There are people with views, of course, that range all the way from the one end of the spectrum I have drawn, to the other end, but my point is, people have different views – sometimes radically different views – of what government should be and do. Candidates who run for office have their own views of government, and during their campaign for election they want to present those views in the most positive light. Their goal becomes not to inform, necessarily, but to get elected. What they do, in essence, is to form a business, of which they are the chief operating officer, the sole purpose of which is to present the candidate in the most positive light. In short, the candidate’s organization becomes a specialized advertising agency, with the candidate as its product. In this light, our childish game of critiquing television advertising becomes a much more serious tool for choosing among candidates for office.

The basis for advertising, whether for a commercial product or a political candidate, is information. But there is information – a neutral rendition of factual content without “spin” (e.g., adverbs and adjectives); there is mis-information – information that is designed to mislead, either intentionally (e.g., innuendo) or unintentionally, even when the information itself may be correct, although it not always is; and there is dis-information – information that is deliberately false and/or factually incorrect. From these categories of information an advertising campaign is constructed. Remember, for a candidate the primary goal is not to inform, but to sway opinion to get him elected to office.

The subject of the advertising campaign may be the candidate himself, or his views, for which usually information and mis-information is chosen, although dis-information may also be used: “I deny categorically that I ever said (or did) that!” Or, the information may be about his opponent, in which case the usage is almost always either mis-information or dis-information. “My opponent says … (mis-information) …, but I say … (information or more mis-information) …”. Or, “My opponent believes … (dis-information, always)”. These uses of information collectively form the techniques of propaganda.

Propaganda techniques have been studied for many years, but interestingly, they are not always recognized by the public. In addition, it is not only the candidates that employ these techniques, but the media as well, all the while telling the public what good watchdogs they are. “Yellow Journalism” is not new, it is just that none of the journals admit to it.

Here are some common techniques:

Assertion – an enthusiastic or energetic statement presented as a fact. It may or may not be true, but it is presented as if it were.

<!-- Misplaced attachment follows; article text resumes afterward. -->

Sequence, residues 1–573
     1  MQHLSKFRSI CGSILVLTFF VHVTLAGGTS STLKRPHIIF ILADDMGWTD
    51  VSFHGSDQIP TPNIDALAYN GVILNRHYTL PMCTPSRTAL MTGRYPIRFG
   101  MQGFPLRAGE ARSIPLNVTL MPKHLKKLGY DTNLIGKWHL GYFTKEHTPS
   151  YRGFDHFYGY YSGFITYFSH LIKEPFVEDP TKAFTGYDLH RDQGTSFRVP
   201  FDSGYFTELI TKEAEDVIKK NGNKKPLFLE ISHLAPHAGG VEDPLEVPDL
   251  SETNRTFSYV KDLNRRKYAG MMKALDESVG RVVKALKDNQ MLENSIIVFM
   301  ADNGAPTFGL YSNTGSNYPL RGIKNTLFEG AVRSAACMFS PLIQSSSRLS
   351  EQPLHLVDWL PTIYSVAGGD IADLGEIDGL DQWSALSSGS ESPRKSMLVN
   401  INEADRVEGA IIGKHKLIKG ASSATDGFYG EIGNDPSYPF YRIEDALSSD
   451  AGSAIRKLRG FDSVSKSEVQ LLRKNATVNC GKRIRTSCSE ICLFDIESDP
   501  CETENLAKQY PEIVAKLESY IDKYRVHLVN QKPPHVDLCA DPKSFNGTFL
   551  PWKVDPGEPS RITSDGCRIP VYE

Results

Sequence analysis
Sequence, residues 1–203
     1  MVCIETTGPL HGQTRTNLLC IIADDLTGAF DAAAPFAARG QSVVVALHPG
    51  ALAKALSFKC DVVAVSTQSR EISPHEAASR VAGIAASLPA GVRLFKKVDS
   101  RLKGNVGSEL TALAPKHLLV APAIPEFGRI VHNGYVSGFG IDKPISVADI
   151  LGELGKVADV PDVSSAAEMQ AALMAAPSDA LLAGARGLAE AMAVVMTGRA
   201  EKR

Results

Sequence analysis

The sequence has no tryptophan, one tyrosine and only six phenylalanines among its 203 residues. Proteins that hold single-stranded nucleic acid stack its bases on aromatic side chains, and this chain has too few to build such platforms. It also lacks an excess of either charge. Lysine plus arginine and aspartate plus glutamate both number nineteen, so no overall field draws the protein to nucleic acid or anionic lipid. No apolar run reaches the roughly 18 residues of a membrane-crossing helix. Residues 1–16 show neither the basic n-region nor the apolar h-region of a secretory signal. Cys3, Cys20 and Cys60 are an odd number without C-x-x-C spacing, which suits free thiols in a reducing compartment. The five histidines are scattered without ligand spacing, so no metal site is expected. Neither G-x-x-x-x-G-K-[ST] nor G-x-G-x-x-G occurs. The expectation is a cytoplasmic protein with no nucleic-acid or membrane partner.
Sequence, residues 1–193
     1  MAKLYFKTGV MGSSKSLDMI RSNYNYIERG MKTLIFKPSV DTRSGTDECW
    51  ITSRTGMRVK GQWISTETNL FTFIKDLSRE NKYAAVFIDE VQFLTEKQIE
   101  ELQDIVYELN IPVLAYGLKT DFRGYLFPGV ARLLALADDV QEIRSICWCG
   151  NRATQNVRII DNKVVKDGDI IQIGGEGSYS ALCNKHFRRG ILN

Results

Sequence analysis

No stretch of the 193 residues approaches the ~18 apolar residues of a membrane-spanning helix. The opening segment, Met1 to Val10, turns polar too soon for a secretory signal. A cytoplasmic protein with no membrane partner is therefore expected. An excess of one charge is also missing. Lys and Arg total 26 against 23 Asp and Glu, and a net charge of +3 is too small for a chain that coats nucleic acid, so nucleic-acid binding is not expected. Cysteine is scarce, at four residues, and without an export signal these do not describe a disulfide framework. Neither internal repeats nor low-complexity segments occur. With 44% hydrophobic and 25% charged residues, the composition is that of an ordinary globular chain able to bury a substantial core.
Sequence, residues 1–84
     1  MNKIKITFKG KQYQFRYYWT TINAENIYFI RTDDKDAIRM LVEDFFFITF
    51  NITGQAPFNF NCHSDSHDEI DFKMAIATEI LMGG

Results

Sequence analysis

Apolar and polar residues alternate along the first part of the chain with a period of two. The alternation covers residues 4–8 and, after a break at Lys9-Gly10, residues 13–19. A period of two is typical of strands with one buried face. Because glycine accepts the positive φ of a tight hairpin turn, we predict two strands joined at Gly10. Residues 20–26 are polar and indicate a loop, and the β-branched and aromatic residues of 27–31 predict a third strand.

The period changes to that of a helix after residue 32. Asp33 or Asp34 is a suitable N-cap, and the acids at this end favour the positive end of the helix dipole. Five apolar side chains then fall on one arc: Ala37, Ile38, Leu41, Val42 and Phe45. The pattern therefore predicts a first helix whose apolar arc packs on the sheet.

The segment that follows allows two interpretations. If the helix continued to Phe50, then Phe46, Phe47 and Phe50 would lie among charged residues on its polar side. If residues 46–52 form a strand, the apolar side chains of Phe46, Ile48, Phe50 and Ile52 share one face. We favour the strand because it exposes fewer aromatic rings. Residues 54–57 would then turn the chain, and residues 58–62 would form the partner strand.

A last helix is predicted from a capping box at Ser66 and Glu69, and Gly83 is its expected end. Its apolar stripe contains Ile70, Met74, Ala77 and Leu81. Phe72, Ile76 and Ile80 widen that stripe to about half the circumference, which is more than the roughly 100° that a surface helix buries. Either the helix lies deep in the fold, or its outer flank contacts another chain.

Bandwagon – “Hop on – EVERYONE is doing it!”

Stacking the Cards – Selective omission of information contrary to a position.

Glittering Generalities – Using words linked to highly valued concepts, whether they actually apply or not. “Change”, “good”, “honest”, “fair”, “best”, are examples.

Lesser of Two Evils – Presenting a proposal as the least offensive of the only two available options, denying that there are other options.

Ad Hominem – Rejecting an argument on the basis of derogatory facts (which may or may not be true) about a person. Attacking a person instead of his argument or views.

Name Calling – A form of Ad Hominem: The use of derogatory language or words when describing the opponent.

Straw Man – Ascribing a false position to a real or imaginary opponent, and then demolishing that false position.

Simplification – Reducing a complex issue to a choice between good and evil, or a “bumper-sticker” slogan.

Transfer – The attempt to link a negative (or positive) feeling about an object or word to the proposal at hand (e.g., presenting the proposal while standing in front of a flag to invoke patriotic feelings; having a spokesperson stand in front of a well-manicured bookshelf of important-looking books, to imply a scientific basis.

False Analogy – Portraying two things as similar, even though they are not.

Testimonial – Using well-known personalities to testify on your behalf.

Plain Folks – Using a folksy approach or people to obtain support.

Faulty Logic – There are many techniques that deliberately misuse the rules of logic to support a position.

Contradiction – Information that conflicts with other information within the same argument.

False Cause – Because one event follows another, it must be the cause of the other event.

Begging the Question – Circular reasoning: Constructing an argument in favor of a claim that amounts to making the claim in the first place.

Evading the Issue – Answer to a question that amounts to changing the subject.

Composition and Division – Arguing that because the claim is true for one, it is true for all, or vice versa.

Poisoning the Well – Blindly explaining away all arguments, no matter how absurd the explanations become.

Appealing to Emotion – Use of an emotionally-laden sob story or argument to help prove a claim.

Appeal to Fear – Unless you support my position, really bad things will happen. “We can no longer afford to wait …”, “We risk a long-lasting and deep depression …”.

Even with these techniques in mind, it sometimes takes time to recognize them in practice. Television commercials and political campaigns are two good places to find them and learn to recognize them because these two sources are so very rich in propaganda techniques.

When we elect a politician -- especially to national office -- we not only elect that official, but in effect we also elect all those people whom that candidate will be authorized to appoint to government positions, and depending on the political office, this may be a very large number indeed.

A final thought to keep in mind: The primary goal of advertising is not to inform. It is TO MAKE MONEY. The primary business of newspapers and television news organizations is TO MAKE MONEY. And similarly, the first and primary business of politicians is TO GET ELECTED. Keeping the primary motivation in mind will be a substantial assist to decoding the propaganda they promulgate.